Commentary: Changes to the Air Force’s post-partum policies


UNITED KINGDOM – On July 8, I received an e-mail informing me that I was within 90 days of my deployment window.

My first reaction was, “Great, I have to do a ton of CBTs.”[computer-based training].

I quickly realized there was a high probability that in just three months, I would be deploying and miss my son’s first birthday.

I joined the military to serve my country. I knew that signing my name on the dotted line meant I could someday deploy. I was excited about that possibility. However, since having my son nine months ago, nothing has been farther from my mind than deploying. I, like many parents in the military on active duty, have contemplated going reserve or even getting out completely.

Recently, the Air Force announced changes to increase the six-month deferment to 12 months, allowing females six additional months to accomplish their fitness assessments following child birth. As part of the Air Force’s 2015 Diversity and Inclusion initiatives, this also increases the deferment from deployment, short tour or dependent-restricted assignments and temporary duty to one year, unless waived by the service member, according to an article on

I thought joining the military was going to be the toughest decision I made in my life, until I became a mother. After giving birth, I failed my first physical fitness assessment. I lost sleep many nights debating whether or not to end my career in order to be a full-time mom. There is no doubt in my mind that I made the right choice to stay in. With the recent changes to Air Force policy for mothers they have made it clear that the Air Force listens and cares about each and every person in its service.

“The goal is to alleviate the strain on some of our talented Airmen who choose to leave the Air Force as they struggle to balance deployments and family issues, and this is especially true soon after childbirth,” said Secretary of the Air Force Deborah Lee James, in the Air Force article.

Staff Sgt. Shereka Royal, 48th Operations Support Squadron airfield management operations supervisor is a mother of three and has served in the U.S. Air Force for more than 12 years.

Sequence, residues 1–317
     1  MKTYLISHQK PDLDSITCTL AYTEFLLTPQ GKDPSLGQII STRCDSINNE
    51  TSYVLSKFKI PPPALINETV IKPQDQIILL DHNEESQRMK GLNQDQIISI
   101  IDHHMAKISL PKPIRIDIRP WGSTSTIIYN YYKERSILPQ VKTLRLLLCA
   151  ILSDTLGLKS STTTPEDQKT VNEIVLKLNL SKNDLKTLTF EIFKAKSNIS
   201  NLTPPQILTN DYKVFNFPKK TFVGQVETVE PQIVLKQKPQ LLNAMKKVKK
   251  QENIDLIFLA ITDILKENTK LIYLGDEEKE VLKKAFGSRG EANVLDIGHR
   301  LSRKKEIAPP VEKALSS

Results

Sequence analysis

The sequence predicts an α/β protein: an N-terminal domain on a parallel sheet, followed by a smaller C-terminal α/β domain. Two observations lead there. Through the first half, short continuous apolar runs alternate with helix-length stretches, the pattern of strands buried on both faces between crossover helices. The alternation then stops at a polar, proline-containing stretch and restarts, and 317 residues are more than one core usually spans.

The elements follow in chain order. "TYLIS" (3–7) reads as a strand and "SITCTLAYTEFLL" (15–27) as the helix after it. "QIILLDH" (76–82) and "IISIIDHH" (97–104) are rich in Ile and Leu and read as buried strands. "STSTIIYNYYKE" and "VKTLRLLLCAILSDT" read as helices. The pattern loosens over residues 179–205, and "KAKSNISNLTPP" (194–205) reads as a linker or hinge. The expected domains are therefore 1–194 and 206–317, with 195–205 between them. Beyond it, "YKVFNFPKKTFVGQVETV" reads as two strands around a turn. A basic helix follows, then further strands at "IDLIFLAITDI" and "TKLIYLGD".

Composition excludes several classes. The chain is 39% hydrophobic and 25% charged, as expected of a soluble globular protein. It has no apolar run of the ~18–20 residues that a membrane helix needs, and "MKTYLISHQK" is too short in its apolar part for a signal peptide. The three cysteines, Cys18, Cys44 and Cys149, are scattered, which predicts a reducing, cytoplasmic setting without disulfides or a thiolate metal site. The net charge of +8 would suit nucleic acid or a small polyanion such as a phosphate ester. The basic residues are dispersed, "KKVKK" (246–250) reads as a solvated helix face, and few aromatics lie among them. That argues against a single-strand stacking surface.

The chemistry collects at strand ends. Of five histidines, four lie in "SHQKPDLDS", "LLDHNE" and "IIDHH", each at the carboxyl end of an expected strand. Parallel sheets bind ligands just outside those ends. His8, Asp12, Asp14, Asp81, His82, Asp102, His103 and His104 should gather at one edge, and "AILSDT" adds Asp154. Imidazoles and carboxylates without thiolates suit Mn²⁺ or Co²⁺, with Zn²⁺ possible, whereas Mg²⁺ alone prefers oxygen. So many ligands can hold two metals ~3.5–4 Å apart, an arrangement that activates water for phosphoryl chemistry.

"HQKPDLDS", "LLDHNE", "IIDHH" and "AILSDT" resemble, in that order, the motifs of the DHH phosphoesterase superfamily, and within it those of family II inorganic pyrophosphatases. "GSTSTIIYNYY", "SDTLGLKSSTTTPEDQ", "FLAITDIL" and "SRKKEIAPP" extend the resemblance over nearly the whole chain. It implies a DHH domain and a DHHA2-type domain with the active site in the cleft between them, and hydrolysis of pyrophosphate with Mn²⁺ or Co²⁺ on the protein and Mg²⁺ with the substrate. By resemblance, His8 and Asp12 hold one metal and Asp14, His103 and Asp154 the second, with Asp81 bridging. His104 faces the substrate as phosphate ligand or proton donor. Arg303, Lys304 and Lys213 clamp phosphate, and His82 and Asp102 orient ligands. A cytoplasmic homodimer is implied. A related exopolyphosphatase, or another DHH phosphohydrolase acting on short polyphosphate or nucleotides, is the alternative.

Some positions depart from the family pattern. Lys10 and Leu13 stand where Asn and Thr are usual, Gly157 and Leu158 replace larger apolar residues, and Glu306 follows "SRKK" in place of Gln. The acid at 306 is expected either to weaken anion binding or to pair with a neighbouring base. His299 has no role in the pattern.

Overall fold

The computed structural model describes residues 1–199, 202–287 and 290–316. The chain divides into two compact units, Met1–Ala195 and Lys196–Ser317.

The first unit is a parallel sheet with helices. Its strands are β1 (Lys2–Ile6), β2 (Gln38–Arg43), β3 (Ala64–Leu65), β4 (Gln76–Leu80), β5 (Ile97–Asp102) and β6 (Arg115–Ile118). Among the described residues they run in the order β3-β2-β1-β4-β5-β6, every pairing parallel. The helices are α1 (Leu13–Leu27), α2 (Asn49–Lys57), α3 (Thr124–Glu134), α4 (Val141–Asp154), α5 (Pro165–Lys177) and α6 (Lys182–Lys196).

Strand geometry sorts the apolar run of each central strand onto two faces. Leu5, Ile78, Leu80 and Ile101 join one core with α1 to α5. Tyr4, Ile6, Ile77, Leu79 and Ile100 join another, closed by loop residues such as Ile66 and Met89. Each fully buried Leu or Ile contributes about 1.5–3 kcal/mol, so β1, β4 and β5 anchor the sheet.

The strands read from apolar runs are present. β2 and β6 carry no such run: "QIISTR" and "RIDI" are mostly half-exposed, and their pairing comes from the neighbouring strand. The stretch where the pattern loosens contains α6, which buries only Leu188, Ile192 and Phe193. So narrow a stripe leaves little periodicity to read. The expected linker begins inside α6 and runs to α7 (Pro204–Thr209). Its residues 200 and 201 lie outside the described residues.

“I was lucky enough to deploy before I became a mother. Four months after my first daughter was born, my husband deployed. I was nervous that she wouldn’t know him when he returned. It also crossed my mind that two months later there was a possibility that I could deploy again.”

Senior Airman Kristana Eisler, a 48th Logistic Readiness Squadron traffic management journeyman, who is a first time mother to Brody, 9 months old, has been in the USAF for almost six years.

“I have missed out on so much since giving birth,” Eisler said. “Being a mom in the military is difficult. You have to prioritize your life and be willing to miss out on milestones.”

Eisler and Royal haven’t deployed since becoming mothers, but both agree it would be difficult to leave their children. At the end of the day, they understand that the mission has to get done.

“We all know how important the mission is, and we’ve been taught to be resilient as Airmen,” Royal said.“But when it comes to the younger children, their level of understanding isn’t the same.”

“With the new changes, if I were to have another child, I’m more likely to stay in,” Eisler said. “This is allowing mothers to truly be there during the times when newborn babies need us. It makes me feel more welcome in the Air Force as a mother.”

Air Force guidance memorandums will be made available detailing the changes to policy in the coming weeks.

According to the article on, the Air Force continues to research opportunities, in conjunction with the Department of Defense, to extend the maternity and convalescent leave period, similar to the recent changes announced by the Secretary of the Navy.

“We want to make sure we develop an equitable policy that supports all of our Airmen and also maintains the ability to execute our mission,” James said in closing.

Airmen currently receive six weeks, or 42 days, of maternity leave, in line with the Department of Defense policy. By direction of the president, federal agencies can advance up to six weeks of paid sick leave to federal employees with a new child.